10/11/16 “Sorry for the delay, I've been working with my UK-based work colleagues for almost the last month - brain fry.” (A one-day reply from a friend as part of a group thread trying to set up a happy hour at the end of the month.)
10/2/18 “Sorry for the delay, yes (daughter) loves dress-up!” A two-week reply from my cousin, a woman with two kids who lives with chronic pain and had been laid up with the flu.
1/18/16 “Hi Louise -- I'm so sorry for the delay in responding -- shortly after we spoke my mother fell ill and died and honestly I've checked out of pretty much everything for a while.” (A 3-1/2 week reply from a writer acquaintance following up on something we’d talked about earlier. Note this was right after Christmas.)
I was definitely not the only one. And when I looked at these examples, none of the response times seemed unreasonable. Even the six-week reply didn’t seem out of line considering the context.
So why are we constantly apologizing to each other for something we all probably don’t mean?
Is it our “always on” culture? I think so. Or at least the assumption that other people are expecting us to always be available.
Feeling under an expectation to always be available sounds like … servitude. And what kind of culture would perpetuate an expectation of servitude? Drum roll …..
And wow, now all of a sudden these apologies for supposed delays that are in fact contextually reasonable seem not so much like benign social niceties but instead the reflection of a patriarchal assumption that we must always be available to serve.
Which reminds me of a great quote I read in this amazing essay by feminist author and essayist Melissa Febos about the sentence she ends her daily journal entries with:
The expectation that we must always be available is patriarchy’s bad idea.
Countering that by not apologizing for a contextually reasonable response time is a feminist act. I posit that it’s also anti-racist and anti-colonialist. Because who has historically been expected to always be available to serve? Women, people of color, and the colonized.
Let me make it clear that this bad idea doesn’t only affect women, people of color, and the colonized. Nor are White men from colonizer cultures the only perpetuators. Most of my correspondence is with other women; we are doing this to each other. And having to always be available within toxic work cultures is definitely detrimental to many men. Bad ideas perpetuated by patriarchy, racism, and colonialism are bad for everybody (which is why Whites, men, and colonizers should actively work to dismantle them, but that’s getting into another essay.)
So here’s where our small act of bravery comes in. The next time you’re tempted to start an email with, “sorry for the delay,” stop yourself.
Did you legitimately drop the ball or make someone wait for critical information they needed? If so, then please do apologize.
If not, and you are instead responding to an assumption that you should have been immediately available, take a breath and start your response without apology. Celebrate your ability to discern how to use your own time! Then smile—you just took a chisel to the patriarchy. And that’s heroic.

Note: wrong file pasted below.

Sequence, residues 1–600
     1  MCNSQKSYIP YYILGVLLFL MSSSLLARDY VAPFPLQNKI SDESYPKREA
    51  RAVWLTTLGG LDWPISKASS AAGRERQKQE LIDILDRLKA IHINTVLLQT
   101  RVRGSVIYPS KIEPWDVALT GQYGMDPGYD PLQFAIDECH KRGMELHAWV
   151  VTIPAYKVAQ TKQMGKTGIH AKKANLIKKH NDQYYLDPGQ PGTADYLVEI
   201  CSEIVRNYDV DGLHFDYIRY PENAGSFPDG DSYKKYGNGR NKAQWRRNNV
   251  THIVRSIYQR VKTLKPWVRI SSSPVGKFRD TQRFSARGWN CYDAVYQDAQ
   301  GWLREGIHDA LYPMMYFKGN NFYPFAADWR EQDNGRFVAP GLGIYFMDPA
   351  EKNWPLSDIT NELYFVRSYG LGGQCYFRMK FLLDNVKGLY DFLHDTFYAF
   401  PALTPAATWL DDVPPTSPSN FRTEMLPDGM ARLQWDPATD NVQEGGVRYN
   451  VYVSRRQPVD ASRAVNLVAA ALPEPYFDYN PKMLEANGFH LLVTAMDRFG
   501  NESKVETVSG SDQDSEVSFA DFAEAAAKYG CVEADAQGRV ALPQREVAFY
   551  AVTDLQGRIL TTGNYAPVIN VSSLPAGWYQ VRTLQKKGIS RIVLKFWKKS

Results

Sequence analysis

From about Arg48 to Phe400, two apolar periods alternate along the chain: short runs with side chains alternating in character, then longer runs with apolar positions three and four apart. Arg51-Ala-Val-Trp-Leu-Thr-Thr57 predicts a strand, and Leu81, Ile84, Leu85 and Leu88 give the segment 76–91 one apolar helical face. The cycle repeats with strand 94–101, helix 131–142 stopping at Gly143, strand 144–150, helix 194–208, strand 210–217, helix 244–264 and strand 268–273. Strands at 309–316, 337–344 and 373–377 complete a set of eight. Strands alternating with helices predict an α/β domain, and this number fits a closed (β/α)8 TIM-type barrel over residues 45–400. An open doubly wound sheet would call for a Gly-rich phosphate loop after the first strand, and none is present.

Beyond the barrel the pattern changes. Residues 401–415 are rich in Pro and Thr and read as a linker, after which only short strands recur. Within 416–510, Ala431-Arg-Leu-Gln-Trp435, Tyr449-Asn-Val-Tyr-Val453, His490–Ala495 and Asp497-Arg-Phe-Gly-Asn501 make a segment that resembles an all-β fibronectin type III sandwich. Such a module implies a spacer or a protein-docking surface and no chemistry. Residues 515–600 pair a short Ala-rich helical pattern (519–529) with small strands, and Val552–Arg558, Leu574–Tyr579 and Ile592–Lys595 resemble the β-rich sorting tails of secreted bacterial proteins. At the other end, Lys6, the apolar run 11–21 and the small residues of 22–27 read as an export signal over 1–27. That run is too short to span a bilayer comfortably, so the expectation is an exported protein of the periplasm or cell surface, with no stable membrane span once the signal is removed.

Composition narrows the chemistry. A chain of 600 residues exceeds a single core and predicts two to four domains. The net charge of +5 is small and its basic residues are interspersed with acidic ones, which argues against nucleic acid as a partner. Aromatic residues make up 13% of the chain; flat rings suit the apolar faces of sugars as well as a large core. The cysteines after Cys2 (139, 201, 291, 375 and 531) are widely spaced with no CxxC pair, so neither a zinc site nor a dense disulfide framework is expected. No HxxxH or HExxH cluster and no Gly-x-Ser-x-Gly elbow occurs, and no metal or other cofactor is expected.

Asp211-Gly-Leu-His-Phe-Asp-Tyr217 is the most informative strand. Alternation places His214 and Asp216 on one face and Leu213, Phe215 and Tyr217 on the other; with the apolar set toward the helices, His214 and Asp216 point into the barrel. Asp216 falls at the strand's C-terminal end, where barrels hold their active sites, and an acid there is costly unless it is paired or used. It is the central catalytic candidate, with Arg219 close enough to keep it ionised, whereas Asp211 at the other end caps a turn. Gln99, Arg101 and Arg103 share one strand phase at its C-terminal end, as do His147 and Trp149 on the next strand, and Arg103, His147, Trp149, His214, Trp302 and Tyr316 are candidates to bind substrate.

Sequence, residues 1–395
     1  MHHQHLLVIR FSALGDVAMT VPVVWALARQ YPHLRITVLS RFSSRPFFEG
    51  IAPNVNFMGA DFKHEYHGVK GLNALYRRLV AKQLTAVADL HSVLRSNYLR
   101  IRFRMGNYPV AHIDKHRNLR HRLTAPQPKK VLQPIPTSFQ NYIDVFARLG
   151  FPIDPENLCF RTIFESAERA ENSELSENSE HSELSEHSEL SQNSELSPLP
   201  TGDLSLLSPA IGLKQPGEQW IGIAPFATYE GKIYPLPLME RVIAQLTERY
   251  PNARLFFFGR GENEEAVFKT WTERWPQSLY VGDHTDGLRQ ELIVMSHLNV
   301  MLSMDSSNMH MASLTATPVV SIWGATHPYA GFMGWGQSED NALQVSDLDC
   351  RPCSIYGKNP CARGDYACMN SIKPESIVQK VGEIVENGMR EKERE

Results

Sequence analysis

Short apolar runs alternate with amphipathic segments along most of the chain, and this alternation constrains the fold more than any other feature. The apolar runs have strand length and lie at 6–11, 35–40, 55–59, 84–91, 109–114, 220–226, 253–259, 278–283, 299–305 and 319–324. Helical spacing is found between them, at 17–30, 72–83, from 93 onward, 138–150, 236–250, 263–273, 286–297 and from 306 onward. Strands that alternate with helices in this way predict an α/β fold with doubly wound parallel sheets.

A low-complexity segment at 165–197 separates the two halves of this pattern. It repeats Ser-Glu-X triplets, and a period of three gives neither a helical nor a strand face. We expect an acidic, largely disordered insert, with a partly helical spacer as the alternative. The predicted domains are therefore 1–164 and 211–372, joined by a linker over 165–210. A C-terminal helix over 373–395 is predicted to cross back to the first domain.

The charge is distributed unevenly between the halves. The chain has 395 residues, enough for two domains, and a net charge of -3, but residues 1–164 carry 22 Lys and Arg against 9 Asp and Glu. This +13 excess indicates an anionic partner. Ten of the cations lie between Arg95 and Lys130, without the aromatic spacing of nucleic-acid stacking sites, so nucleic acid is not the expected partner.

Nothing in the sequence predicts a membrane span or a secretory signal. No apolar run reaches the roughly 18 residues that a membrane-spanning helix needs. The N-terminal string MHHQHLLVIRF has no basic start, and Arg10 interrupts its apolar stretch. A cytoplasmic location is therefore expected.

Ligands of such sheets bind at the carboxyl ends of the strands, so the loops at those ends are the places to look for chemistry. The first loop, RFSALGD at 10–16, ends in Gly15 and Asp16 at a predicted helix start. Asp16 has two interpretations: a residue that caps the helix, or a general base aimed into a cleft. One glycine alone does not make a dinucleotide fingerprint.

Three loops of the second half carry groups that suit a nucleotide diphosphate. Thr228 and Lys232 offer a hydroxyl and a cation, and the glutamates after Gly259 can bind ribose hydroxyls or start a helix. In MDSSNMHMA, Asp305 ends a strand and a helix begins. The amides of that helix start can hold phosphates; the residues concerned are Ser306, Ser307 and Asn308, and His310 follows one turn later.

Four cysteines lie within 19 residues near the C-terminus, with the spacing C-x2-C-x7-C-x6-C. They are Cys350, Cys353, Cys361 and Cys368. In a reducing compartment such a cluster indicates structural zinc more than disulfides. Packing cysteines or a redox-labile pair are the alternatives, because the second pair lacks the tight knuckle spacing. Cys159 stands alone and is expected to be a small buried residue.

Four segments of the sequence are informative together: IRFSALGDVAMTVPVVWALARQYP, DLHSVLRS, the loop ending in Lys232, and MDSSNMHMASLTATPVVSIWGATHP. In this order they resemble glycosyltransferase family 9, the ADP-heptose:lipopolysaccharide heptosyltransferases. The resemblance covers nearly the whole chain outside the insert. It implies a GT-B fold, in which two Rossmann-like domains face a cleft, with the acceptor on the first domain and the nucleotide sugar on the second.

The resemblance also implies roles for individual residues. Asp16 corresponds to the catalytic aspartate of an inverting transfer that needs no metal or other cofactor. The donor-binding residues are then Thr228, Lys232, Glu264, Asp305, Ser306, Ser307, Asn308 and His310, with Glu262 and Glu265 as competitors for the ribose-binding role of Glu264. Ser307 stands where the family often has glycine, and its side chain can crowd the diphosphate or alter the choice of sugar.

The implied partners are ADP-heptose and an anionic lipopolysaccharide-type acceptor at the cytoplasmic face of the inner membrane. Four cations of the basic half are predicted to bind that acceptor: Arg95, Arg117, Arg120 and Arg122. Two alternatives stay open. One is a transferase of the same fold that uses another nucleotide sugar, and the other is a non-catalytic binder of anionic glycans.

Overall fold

When you’re the one initiating a request, give the recipient a contextually generous timeframe by which you would like their response, e.g. “Please let me know within the next two weeks.” Clarifying expectations is an act of mutual care.
The next time someone responds to you with “sorry for the delay,” you can share this newsletter or send them the link to this article on Be Your Own Hero, if you’re really feeling brave.
What I’m Reading
Today’s book recommendation is directly related to this topic. I recently read Nir Eyal’s Indistractable, and found it to be an easy read with several immediately actionable ideas related to being intentional with your attention, including a great section on email. The tone can sometimes seem a bit rah-rah, and he doesn’t specifically come at the topic with a feminist lens, but his suggestions on hacking back external triggers in particular felt empowering.
There’s also an eye-opening section on toxic work cultures. He calls them “dysfunctional,” but notes they can predict a higher likelihood of developing depression at work. I call that toxic.
Knowing that your voice matters and that you’re not stuck in an uncaring, unchangeable machine has a positive impact on well-being. — Nir Eyal, “Indistractable”
Lastly, he recommends as one of his favorite email tools a service I’ve been using for almost ten years and couldn’t live without. It’s called SaneBox, and you can get a 14-day trial at this link. If you like it, DM your email to me on Twitter or Instagram and I can send you a code for $25 off. Full disclosure, I think I get a free month for the referral, but I would recommend SaneBox even without perks. I can’t imagine going back to email without it.
So there you have it: one small act of bravery to take with you. I hope this newsletter has given you something to think about, and if you search your own email and find examples of “sorry for the delay,” I’d love to know. Drop a comment below—all respectful discussion is welcome. And if you received this newsletter from someone else and haven’t subscribed yet, I’d love to have you as a reader!